A:Bust out the Britney Spears! Research suggests working out to music with a beat similar to your cadence is the most motivating, decreasing your perceived exertion while increasing how hard you train. For walkers, that tends to be music with around 120 beats per minute, while runners may want something closer to 180.
But tempo is just one part of the playlist. One recent study found that people walk faster to simpler music, even if it has the same tempo as more complex songs. In other words, music with without much variation in loudness and pitch is more motivating, possibly because it’s easier to pick up and stay with the tempo.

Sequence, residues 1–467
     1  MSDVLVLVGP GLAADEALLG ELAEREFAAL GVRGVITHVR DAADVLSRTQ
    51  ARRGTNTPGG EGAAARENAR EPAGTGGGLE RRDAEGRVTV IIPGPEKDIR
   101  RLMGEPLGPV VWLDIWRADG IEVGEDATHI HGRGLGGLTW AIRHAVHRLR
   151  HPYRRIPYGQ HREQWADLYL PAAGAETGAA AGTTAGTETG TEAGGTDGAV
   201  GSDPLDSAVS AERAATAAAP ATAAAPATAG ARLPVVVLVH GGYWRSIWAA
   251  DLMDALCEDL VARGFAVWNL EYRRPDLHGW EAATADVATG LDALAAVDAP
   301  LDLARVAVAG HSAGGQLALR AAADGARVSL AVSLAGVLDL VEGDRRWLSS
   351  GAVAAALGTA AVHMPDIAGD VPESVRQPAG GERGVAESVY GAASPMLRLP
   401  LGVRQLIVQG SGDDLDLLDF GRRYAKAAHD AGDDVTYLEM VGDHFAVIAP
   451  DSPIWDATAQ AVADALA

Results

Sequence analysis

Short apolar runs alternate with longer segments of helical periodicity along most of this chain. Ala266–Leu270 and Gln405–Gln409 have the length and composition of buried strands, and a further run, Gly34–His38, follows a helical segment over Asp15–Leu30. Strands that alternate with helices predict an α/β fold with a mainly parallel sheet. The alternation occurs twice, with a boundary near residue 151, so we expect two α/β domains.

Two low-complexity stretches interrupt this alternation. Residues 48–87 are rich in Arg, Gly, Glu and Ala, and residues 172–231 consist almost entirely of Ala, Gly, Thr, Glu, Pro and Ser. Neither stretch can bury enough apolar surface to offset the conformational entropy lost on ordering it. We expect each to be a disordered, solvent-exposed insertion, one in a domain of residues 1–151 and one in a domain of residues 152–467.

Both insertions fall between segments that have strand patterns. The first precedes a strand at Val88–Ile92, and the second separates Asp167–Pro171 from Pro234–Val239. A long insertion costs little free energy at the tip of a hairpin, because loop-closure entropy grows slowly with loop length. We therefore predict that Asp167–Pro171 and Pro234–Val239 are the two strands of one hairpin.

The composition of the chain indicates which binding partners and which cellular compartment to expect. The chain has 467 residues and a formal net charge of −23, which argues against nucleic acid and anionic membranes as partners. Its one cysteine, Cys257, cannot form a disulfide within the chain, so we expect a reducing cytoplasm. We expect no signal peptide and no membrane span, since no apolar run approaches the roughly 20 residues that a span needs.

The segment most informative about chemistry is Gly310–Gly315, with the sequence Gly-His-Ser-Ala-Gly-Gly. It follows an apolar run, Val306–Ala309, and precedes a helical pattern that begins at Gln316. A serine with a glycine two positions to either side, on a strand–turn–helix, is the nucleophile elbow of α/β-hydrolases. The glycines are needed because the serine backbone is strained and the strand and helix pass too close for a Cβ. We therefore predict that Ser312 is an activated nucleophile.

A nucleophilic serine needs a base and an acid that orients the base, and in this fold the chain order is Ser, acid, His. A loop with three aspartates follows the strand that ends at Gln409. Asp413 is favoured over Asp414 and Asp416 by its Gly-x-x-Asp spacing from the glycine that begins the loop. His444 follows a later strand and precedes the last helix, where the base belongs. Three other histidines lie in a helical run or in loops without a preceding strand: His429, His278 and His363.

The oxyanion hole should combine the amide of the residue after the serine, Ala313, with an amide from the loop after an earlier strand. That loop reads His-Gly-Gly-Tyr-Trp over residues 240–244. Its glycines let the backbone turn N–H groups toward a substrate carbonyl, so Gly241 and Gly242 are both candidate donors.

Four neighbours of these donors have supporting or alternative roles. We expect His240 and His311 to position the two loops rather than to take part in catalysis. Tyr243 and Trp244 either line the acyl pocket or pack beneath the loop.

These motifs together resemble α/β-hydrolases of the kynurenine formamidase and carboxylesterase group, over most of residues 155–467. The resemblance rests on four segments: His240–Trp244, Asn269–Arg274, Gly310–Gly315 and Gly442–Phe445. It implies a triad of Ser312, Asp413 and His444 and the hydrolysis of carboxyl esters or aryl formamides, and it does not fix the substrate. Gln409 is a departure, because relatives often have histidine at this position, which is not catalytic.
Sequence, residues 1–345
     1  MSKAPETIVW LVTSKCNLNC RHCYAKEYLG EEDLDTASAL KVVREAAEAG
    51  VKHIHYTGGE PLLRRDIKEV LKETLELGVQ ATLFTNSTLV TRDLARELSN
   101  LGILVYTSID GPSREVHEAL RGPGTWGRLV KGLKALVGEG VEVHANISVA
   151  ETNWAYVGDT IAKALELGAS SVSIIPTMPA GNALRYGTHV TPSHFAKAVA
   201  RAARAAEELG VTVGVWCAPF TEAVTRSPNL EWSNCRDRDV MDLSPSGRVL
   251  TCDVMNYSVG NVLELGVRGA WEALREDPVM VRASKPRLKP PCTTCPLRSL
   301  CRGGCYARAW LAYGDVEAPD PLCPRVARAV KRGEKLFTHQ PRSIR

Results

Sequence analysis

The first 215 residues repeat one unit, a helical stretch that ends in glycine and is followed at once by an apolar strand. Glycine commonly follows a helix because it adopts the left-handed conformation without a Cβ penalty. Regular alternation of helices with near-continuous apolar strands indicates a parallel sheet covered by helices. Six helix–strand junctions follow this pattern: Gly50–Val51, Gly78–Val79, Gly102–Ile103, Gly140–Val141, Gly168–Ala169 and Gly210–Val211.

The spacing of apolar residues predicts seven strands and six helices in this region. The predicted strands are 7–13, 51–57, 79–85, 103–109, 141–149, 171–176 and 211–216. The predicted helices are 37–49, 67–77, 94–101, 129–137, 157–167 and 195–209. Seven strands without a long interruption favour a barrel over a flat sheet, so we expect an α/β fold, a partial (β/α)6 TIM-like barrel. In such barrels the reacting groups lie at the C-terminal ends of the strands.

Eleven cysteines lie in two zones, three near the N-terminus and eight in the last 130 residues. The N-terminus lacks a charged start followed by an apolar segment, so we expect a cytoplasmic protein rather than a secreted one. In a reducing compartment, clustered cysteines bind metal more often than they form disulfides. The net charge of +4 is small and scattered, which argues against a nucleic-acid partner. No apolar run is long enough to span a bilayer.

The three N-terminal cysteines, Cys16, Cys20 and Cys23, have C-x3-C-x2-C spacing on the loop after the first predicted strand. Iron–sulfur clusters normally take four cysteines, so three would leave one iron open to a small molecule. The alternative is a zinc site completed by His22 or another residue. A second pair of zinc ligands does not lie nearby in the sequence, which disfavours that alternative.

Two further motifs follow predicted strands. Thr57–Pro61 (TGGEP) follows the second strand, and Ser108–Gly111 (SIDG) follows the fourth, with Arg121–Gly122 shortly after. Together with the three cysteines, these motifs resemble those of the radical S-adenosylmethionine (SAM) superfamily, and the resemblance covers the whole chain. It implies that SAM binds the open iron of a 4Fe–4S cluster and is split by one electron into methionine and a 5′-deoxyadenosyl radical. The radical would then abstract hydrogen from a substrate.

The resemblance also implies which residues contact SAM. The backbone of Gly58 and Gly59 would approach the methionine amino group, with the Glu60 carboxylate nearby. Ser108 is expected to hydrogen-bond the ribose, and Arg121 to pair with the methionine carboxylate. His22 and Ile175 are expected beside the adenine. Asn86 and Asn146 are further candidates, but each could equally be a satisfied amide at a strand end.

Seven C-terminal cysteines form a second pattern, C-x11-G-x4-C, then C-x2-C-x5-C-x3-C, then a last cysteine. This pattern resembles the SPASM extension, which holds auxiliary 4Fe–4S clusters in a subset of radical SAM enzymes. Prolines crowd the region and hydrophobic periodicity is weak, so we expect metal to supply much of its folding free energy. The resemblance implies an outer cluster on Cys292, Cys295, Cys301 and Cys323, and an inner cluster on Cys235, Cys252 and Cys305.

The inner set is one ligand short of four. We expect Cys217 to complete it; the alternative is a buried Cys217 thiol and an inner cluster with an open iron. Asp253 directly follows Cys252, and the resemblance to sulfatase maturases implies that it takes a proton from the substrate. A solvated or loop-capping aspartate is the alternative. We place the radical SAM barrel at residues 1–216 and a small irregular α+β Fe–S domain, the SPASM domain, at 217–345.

Speaking of volume, researchers at the UK’s University of Plymouth found that cranking it up might also enhance your work out, making you train at a higher intensity than you would with the tunes turned down.
Of course, if you need a break from your favorite band, a metronome matching your cadence can increase your time to exhaustion just as well, and may make you run more efficiently, according to a new study.
And when it comes to post-exercise recovery, slow it down. An Indian study found that listening to slow music after exercising will lower your pulse and blood pressure faster than silence, or your usual workout tunes.
THE BOTTOM LINE: Crank up simple, upbeat music with a cadence-matching tempo.